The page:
Opt for federal loans.
They provide government-backed funding with fixed interest rates, allowing you to accurately calculate how much you’ll need to pay back each month following graduation. Avoid loans with variable interest rates.
Look for discounts
Are you planning to become a teacher, counselor, nurse, or public servant? The government is willing to forgive a large portion of your loans in exchange for your work in low-income, high need areas. Learn more about those opportunities here.
2. Student debt is good for a credit report.
Students are new to the world in many ways. Few have marketable skills, job experience, or financial assets of any kind. And why would they? College is the place to develop these skills and earn these rewards. Unfortunately, student loans don’t require any work or qualifications. Unlike a mortgage or a consumer credit card, the majority of student loans do not require a credit check. You may be wondering why this is a bad thing. After all, the average college student has no credit history, so why should it be a factor in lending?
Although it isn’t fair to deny student funds based on a lack of credit history, this practice sets a dangerous precedent in the minds of young borrowers. “If credit wasn’t a part of the lending process, then why should loans affect my credit?”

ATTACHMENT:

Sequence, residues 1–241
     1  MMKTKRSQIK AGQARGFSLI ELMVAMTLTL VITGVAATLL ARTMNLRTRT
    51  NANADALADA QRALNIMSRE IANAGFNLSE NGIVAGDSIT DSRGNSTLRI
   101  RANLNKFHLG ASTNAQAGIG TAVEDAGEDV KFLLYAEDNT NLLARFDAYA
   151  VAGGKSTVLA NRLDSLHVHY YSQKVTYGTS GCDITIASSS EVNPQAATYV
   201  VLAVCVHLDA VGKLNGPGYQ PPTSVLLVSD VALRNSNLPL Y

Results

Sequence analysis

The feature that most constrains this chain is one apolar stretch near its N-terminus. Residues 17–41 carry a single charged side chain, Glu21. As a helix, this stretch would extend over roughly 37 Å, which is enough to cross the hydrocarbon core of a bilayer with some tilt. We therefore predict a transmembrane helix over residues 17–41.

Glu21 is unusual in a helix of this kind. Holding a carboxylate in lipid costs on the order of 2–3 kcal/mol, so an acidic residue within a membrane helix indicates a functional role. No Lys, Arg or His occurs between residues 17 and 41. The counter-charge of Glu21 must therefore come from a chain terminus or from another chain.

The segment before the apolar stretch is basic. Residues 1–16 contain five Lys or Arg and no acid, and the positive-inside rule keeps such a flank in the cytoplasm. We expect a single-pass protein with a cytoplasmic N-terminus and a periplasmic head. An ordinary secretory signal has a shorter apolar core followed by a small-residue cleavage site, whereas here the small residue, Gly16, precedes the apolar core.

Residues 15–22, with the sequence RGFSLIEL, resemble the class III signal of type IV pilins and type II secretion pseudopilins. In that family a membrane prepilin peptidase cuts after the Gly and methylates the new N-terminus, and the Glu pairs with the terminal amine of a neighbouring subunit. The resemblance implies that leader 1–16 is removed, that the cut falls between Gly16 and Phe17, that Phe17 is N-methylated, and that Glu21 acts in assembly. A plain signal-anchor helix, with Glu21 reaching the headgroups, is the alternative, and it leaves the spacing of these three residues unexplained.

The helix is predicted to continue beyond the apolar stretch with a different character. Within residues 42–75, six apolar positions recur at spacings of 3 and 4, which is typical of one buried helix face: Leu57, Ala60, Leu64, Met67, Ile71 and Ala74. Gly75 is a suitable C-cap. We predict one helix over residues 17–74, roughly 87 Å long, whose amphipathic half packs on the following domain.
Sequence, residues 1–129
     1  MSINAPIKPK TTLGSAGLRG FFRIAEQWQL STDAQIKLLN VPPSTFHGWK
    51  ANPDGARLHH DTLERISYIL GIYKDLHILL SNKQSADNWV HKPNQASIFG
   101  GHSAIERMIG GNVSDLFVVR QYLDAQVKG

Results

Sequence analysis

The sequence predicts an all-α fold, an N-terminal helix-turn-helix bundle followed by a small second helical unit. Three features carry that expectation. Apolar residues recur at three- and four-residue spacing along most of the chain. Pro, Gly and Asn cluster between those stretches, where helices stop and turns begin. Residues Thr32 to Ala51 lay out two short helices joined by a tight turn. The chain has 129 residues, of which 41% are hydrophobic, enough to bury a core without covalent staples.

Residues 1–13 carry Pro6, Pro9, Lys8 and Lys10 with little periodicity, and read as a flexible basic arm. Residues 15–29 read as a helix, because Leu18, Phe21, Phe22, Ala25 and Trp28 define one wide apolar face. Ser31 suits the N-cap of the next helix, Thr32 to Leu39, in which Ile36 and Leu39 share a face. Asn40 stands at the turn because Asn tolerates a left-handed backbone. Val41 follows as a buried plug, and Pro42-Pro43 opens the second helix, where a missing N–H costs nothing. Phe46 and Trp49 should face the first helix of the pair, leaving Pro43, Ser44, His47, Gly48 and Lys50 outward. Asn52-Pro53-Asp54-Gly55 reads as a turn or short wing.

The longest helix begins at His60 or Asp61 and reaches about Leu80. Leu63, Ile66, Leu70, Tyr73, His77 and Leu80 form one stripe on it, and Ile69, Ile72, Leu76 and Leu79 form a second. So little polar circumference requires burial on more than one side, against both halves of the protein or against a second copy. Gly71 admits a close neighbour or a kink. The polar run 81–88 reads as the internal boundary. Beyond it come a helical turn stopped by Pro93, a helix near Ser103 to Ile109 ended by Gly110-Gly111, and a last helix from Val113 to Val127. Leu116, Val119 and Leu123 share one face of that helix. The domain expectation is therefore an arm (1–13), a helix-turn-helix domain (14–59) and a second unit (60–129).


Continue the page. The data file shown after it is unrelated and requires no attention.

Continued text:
It’s no surprise that new grads struggle with credit repair after graduation. The staggering debt-to-income ratio caused by too many student loans can cause a problem when applying for a car loan, renting an apartment, and generally finding credit approval. It can cause bigger problems if monthly payments are more than you can afford as well.
Don’t graduate with a weight around your neck. Make an effort to decrease your student loan burden before graduation. Apply for a Resident Advisor position to score free room and board and earn some extra cash. Use your money to pay off student loan interest while you are in school, preventing it from accruing into an amount you cannot afford. The result will lower your debt-to-income ratio and your monthly payments after graduation. You can’t lose.